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The Delaware Gazette, a morning daily founded in 1885, is the dominant local newspaper in Delaware County, while the Sunbury News, a weekly community newspaper, serves eastern Delaware County and residents of the Big Walnut Local School District. Both publications are owned by Brown Publishing Company.

Additional local print publications include ThisWeek Delaware News, which covers the city of Delaware and the villages of Galena and Sunbury; and ThisWeek Olentangy Valley News, which covers Powell and the Olentangy Local School District. Both weekly papers are among 21 published by ThisWeek Community News, headquartered in southern Delaware County. ThisWeek is owned by GateHouse Media, which also owns the Columbus Dispatch. The Village of Shawnee Hills in southwestern Delaware County is served by a monthly newspaper - The Village Gazette. The Village Gazette is independent.

Other local publications include the Transcript, the student paper at Ohio Wesleyan University.

Points of interest

Delaware, Ohio is famous for The Little Brown Jug, an internationally famous harness race which is part of the Triple Crown of harness racing.

The Methodist Theological School in Ohio is the Methodist graduate school seminary located between Delaware and Columbus, Ohio. It is often referred to as METHESCO.

Additional notable places include:

Communities

Map of Delaware County, Ohio with Municipal and Township Labels
Map of Delaware County, Ohio with Municipal and Township Labels

Cities

Villages

Census-designated places

Townships

https://web.archive.org/web/20160715023447/http://www.ohiotownships.org/township-websites

Unincorporated communities

Notable residents

Notable people who have lived in or been associated with the county include:

See also

References

  1. ^ "Ohio County Profiles: Delaware County" (PDF). Ohio Department of Development. Retrieved 2014-05-11.
  2. ^ "Delaware County data (population)". Ohio State University Extension Data Center. Retrieved 2007-05-10.[permanent dead link]
  3. ^ 2020 census
  4. ^ "Find a County". National Association of Counties. Archived from the original on 2011-05-31. Retrieved 2011-06-07.
  5. ^ "Delaware County". Ohio History Central. Ohio Historical Society. Retrieved 2014-05-11.
  6. ^ "Richest counties in the US: Here's where household incomes in each state are the highest". USA Today. USA Today. Retrieved 4 January 2021.
  7. ^ "These are the richest counties in US". The Columbus Dispatch. The Columbus Dispatch. Retrieved 4 January 2021.
  8. ^ "History of Delaware". City of Delaware. Retrieved November 9, 2021.
  9. ^ "'Act establishing the county of Delaware'". Ohio History Connection. February 10, 1808. Retrieved November 9, 2021.
  10. ^ "America's Best Places To Raise A Family". Forbes. June 30, 2008.
  11. ^ "Delaware County, Ohio". Niche. Retrieved November 9, 2021.
  12. ^ "Healthiest Communities in the U.S." US News. June 29, 2021. Retrieved November 9, 2021.
  13. ^ Stebbins, Samuel. "Delaware County, Ohio is One of the Best Paces to Live in the United States". 24/7 Wall Street. Retrieved November 9, 2021.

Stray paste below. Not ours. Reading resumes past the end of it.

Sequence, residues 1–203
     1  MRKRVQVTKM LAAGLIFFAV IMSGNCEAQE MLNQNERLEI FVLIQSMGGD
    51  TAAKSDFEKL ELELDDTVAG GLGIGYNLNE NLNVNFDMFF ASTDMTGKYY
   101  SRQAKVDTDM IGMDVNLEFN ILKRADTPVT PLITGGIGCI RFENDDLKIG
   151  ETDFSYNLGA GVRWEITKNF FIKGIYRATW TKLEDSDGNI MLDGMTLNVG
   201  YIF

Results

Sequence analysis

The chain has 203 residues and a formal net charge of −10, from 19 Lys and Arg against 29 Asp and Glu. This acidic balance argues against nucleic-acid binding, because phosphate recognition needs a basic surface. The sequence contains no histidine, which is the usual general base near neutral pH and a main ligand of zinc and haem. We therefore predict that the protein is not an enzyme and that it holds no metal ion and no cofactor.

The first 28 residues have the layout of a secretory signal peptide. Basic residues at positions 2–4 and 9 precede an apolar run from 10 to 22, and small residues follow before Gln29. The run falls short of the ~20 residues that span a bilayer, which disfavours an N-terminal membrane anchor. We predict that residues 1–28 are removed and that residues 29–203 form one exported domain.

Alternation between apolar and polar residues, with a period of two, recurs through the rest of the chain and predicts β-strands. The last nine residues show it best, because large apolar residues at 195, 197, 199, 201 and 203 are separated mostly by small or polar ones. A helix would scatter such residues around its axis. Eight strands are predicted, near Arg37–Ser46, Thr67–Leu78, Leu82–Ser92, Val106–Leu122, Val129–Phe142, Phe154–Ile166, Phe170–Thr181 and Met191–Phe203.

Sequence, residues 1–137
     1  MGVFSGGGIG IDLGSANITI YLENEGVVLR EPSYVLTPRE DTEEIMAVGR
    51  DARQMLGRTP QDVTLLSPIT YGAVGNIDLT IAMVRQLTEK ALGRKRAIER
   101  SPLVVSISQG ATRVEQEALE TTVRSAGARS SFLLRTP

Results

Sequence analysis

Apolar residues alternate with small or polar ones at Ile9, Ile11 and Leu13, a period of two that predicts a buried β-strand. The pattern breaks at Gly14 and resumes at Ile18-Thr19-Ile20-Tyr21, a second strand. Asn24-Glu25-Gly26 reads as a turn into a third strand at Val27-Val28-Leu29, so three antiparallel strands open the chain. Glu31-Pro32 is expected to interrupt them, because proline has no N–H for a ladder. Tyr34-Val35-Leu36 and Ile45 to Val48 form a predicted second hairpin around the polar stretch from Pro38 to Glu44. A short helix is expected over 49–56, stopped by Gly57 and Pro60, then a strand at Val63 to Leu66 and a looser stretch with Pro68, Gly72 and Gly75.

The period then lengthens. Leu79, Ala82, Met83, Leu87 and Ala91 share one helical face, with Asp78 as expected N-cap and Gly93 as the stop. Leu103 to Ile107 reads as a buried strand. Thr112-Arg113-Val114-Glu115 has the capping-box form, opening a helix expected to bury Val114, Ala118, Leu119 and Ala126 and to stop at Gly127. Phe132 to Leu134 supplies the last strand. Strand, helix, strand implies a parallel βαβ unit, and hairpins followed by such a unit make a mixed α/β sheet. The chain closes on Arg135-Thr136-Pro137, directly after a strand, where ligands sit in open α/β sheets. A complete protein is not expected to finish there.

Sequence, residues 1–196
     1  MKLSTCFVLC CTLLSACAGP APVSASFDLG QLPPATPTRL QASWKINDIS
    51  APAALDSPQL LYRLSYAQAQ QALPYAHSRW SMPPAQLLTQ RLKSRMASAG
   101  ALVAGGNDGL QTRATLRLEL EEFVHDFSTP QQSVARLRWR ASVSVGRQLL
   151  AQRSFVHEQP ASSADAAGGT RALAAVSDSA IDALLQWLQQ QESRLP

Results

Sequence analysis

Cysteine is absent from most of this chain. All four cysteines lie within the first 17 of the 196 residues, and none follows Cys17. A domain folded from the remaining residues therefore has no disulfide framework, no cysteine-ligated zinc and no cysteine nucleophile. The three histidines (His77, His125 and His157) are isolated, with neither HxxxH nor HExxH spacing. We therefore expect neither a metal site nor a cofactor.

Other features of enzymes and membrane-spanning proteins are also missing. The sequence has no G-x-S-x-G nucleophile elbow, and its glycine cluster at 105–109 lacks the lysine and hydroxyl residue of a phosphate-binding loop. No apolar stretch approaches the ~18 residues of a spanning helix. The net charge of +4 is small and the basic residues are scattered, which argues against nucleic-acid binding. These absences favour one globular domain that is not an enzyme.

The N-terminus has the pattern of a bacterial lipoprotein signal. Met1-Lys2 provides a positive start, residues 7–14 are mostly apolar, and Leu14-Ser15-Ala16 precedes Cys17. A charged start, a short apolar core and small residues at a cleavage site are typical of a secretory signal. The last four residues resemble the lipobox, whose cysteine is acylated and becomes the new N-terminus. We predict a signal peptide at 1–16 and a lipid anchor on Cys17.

14. ^ "2010 Census Gazetteer Files". United States Census Bureau. August 22, 2012. Archived from the original on May 4, 2014. Retrieved February 7, 2015.
  15. ^ Ripley, George; Dana, Charles A., eds. (1879). "Delaware, the name of five counties in the United States. III. A central county of Ohio" . The American Cyclopædia.
  16. ^ a b "Alum Creek State Park". Archived from the original on 2007-06-30. Retrieved 2007-09-12.
  17. ^ a b "Delaware State Park". Retrieved 2014-05-11.
  18. ^ "U.S. Decennial Census". United States Census Bureau. Retrieved February 7, 2015.
  19. ^ "Historical Census Browser". University of Virginia Library. Retrieved February 7, 2015.
  20. ^ Forstall, Richard L., ed. (March 27, 1995). "Population of Counties by Decennial Census: 1900 to 1990". United States Census Bureau. Retrieved February 7, 2015.
  21. ^ "Census 2000 PHC-T-4. Ranking Tables for Counties: 1990 and 2000" (PDF). United States Census Bureau. April 2, 2001. Retrieved February 7, 2015.
  22. ^ 2020 census
  23. ^ a b c "DP-1 Profile of General Population and Housing Characteristics: 2010 Demographic Profile Data". United States Census Bureau. Archived from the original on 2020-02-13. Retrieved 2015-12-27.
  24. ^ "Population, Housing Units, Area, and Density: 2010 - County". United States Census Bureau. Archived from the original on 2020-02-13. Retrieved 2015-12-27.
  25. ^ "DP02 SELECTED SOCIAL CHARACTERISTICS IN THE UNITED STATES – 2006-2010 American Community Survey 5-Year Estimates". United States Census Bureau. Archived from the original on 2020-02-13. Retrieved 2015-12-27.
  26. ^ "DP03 SELECTED ECONOMIC CHARACTERISTICS – 2006-2010 American Community Survey 5-Year Estimates". United States Census Bureau. Archived from the original on 2020-02-13. Retrieved 2015-12-27.
  27. ^ Chinni, Dante; Davis, Bob (20 July 2016). "Donald Trump Divides Republicans in Key Ohio County". Wall Street Journal. Retrieved 22 July 2016.
  28. ^ Leip, David. "Dave Leip's Atlas of U.S. Presidential Elections". uselectionatlas.org. Retrieved 2018-05-01.
  29. ^ a b "Delaware Airport". Archived from the original on 2007-08-26. Retrieved 2007-09-12.
  30. ^ "End of the Road for Germain Amphitheater?". Archived from the original on 2011-05-23. Retrieved 2008-05-19.
  31. ^ "News & Media - Ohio Wesleyan University". Ohio Wesleyan University.
  32. ^ "Delaware Ohio Landmark Adds Hours". delawareohrealestate.com. 5 September 2010. Archived from the original on 7 September 2010. Retrieved 10 January 2011.
  33. ^ http://drc.owu.edu/handle/2374.OWES/759[permanent dead link]
  34. ^ "Home". The Strand Theatre.

Further reading

Coordinates: 40°17′N 83°01′W / 40.28°N 83.01°W / 40.28; -83.01